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Oilseed Rape

We know that growing oilseed rape can be challenging so we have gathered together everything you need to know about oilseed rape here. From establishment to harvest we can provide insight about crop management and protection to help maximise yields.

Posted 3 weeks ago

April

What’s happening in oilseed rape in April

Although oilseed rape crops are variable this spring due to establishment and/or cabbage stem flea beetle damage, most are now at green bud and the most advanced are at early flowering. Some crops have been written off due to poor establishment or the fact that they are carrying far too many cabbage stem flea beetle larvae to make a viable crop.

March’s SpotCheck initiative results have shown that light leaf spot is prevalent throughout the country and with most crops being at least at stem extension, it’s important to apply fungicides now to prevent further damage.

Over the next month Sclerotinia sprays will be at the front of people’s minds. If it stays mild, the earliest oilseed rape crops will be flowering by the second to third week of April.

Priorities this month (location dependent):

  • Address pest and disease risk in OSR
  • Plan flowering sprays in oilseed rape
  • Monitor backward OSR plants for pollen beetle
  • Protect OSR from Sclerotinia with a two-spray fungicide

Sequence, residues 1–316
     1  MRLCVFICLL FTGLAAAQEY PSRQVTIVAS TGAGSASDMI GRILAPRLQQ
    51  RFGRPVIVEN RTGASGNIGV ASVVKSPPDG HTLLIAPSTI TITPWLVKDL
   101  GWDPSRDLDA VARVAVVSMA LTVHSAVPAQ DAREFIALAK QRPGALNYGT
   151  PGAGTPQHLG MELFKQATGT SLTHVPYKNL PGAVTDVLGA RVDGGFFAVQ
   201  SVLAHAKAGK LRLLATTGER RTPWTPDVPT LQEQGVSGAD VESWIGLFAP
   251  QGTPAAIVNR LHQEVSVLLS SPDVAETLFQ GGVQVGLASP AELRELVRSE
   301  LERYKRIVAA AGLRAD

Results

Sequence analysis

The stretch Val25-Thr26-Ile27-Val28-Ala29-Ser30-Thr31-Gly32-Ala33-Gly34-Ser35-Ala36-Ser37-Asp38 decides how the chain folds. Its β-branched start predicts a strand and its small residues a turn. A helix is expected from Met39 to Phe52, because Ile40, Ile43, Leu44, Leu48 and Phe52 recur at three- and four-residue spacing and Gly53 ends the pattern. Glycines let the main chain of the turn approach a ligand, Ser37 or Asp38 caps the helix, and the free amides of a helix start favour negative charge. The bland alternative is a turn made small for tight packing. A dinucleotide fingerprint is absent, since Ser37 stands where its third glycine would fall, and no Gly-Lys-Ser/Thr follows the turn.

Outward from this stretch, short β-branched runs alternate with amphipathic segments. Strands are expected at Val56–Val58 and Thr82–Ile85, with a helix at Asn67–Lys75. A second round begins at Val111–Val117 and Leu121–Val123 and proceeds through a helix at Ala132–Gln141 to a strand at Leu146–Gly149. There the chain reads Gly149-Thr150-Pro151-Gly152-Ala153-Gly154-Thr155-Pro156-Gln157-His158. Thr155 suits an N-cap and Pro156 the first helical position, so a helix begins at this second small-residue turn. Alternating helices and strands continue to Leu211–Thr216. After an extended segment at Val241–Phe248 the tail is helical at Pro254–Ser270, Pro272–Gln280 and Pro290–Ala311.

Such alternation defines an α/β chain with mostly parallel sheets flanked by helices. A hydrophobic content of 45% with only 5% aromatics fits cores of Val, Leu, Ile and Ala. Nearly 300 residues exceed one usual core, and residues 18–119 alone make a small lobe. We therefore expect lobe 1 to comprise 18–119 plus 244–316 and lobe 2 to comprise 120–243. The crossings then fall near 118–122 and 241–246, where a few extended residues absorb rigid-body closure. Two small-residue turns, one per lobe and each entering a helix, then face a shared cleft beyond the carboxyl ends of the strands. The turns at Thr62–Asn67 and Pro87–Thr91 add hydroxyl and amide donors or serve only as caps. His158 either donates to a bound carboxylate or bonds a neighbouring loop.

May

What’s happening in oilseed rape in May

Results from the SpotCheck initiative has shown that light leaf spot is now present across most of the country, from Scotland to Dorset and Hampshire.

As a result, it is vital to walk fields and assess disease presence within the crop. Look for tiny white spore droplets on the leaf surface, which can sometimes appear in a circular pattern, on the upper or underside of the leaf.

Where light leaf spot in present, there is an opportunity to utilise prothioconazole at this timing to dampen down the disease and manipulate the canopy.

Priorities this month (location dependent):

  • Utilise the free SpotCheck initiative to assess light leaf spot in the crop
  • Walk crops to assess disease severity within the crop and spray if necessary
  • Consider prothioconazole to manage light leaf spot at stem extension

June/July

What’s happening in oilseed rape in June/July

The gate is almost shut on oilseed rape until the combines start rolling in July and August, with only harvesting plans and whether to apply a pod sticker left to decide upon.

While swathing and direct combining are options, most growers usually apply a desiccant.

Timing of glyphosate applications could be tricky this season, as crops affected by flea beetle or pigeon damage are very uneven. Going too early risks both limiting oil content and increasing the risk of immature red seed at harvest, while late applications may see increased losses from pod shatter.

The key thing is to carefully walk crops properly to assess them efficiently. There might be a huge difference between how a crop looks in the gateway and 100m away in the middle of the field.

Priorities this month (location dependent):

  • Walk OSR crops carefully and ensure crops are sampled correctly to get desiccation timing correct